Fisher’s exact test
Fisher exact test proposed in the mid-1930s almost simultaneously by Fisher, Irwin and Yates. Fisher’s exact test is a statistical significance test used in the analysis of contingency tables for two nominal variables and you want to see whether the proportions of one variable are different depending on the value of the other variable.
Fisher’s exact test is more accurate than the chi-squared test of independence when the expected numbers are small. When one of the expected values (note: not the observed values) in a 2 × 2 table is less than 5, and especially when it is less than 1, then Yates’ correction can be improved upon. In such cases the Fisher exact test is a better choice than the Chi-square.
The Fisher Exact test is generally used in one tailed tests. However, it can be used as a two tailed test as well.
- Null hypothesis (H0): The null hypothesis is that the relative proportions of one variable are independent of the second variable; in other words, the proportions at one variable are the same for different values of the second variable. (H0: p1 = p2)
- Alternative hypothesis (H1): The relative proportions of one variable are dependent of the second variable. The alternative hypothesis can be either left-tailed (p1 < p2), right-tailed (p1 > p2), or two-tailed (p1 ≠ p2).
A data set which is called an “R×C table,” where R is the number of rows and C is the number of columns. If the columns represent the study group and the rows represent the outcome, then the null hypothesis could be interpreted as the probability of having a particular outcome not being influenced by the study group, and the test evaluates whether the two study groups differ in the proportions with each outcome. An important assumption for all of the methods outlined, including Fisher’s Exact test, is that the binary data are independent. If the proportions are correlated then more advanced techniques should be applied.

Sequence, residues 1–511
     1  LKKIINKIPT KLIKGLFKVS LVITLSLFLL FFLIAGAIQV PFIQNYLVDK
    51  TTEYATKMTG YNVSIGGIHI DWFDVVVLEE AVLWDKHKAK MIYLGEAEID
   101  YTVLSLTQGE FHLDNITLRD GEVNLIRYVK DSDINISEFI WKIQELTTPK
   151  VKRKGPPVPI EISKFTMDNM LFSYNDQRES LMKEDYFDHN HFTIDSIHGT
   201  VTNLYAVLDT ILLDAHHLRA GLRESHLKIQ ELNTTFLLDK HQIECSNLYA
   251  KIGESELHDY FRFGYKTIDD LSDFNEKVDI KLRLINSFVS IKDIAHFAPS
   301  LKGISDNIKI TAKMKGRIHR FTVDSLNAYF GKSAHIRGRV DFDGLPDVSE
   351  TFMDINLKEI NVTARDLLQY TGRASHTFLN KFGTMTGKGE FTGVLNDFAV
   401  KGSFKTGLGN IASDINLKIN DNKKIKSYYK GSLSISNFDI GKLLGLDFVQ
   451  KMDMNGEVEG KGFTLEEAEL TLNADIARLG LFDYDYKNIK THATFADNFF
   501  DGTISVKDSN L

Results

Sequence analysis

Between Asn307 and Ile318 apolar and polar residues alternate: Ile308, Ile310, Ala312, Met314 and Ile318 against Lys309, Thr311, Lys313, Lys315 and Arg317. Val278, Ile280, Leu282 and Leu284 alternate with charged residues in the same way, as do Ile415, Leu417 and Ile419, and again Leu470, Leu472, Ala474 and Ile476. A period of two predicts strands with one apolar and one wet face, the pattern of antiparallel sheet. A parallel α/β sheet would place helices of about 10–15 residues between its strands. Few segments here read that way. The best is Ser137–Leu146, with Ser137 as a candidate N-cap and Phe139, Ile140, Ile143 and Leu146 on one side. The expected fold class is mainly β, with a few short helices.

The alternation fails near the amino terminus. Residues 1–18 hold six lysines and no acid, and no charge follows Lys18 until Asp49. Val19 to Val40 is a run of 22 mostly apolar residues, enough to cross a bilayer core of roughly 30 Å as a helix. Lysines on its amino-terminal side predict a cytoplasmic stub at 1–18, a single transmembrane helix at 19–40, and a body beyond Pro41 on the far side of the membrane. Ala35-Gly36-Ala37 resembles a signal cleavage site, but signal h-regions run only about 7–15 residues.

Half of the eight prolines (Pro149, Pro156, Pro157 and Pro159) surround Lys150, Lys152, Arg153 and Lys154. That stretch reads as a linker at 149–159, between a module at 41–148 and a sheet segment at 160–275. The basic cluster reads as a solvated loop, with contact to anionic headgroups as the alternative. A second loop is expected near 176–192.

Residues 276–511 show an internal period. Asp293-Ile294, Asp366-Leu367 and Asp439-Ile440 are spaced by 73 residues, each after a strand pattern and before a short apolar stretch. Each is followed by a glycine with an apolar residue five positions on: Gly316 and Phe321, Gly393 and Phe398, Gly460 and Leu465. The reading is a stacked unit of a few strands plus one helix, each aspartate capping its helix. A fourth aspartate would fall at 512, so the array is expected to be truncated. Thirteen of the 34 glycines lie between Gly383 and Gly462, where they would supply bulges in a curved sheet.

Fishers Exact Test in R
The function fisher.test() is used to perform Fisher’s exact test when the sample size is small to avoid using an approximation that is known to be unreliable for samples.
Eg:-Consider a trial comparing the performance of two boxers. Each of the boxers undertook the trial eight times and the number of successful trials was recorded. The hypothesis under investigation in this experiment is that the performance of the two boxers is similar. If the first boxer was only successful on one trial and the second boxer was successful on four of the eight trials then can we discriminate between their performances?
The data is setup in a matrix:
The p-value calculated for the test does not provide any evidence against the assumption of independence. In this example the association between rows and columns is considered to be not statistically significant, this means that we cannot confidently claim any difference in performance for the two boxers. So we are accepting null hypothesis.
Kavitha P.S is an MCA. Currently she is working as a Senior Analyst Intern with NikhilGuru Consulting Analytics Service LLP, Bangalore. She has prior worked 5 Years with UST-Global, Trivandrum.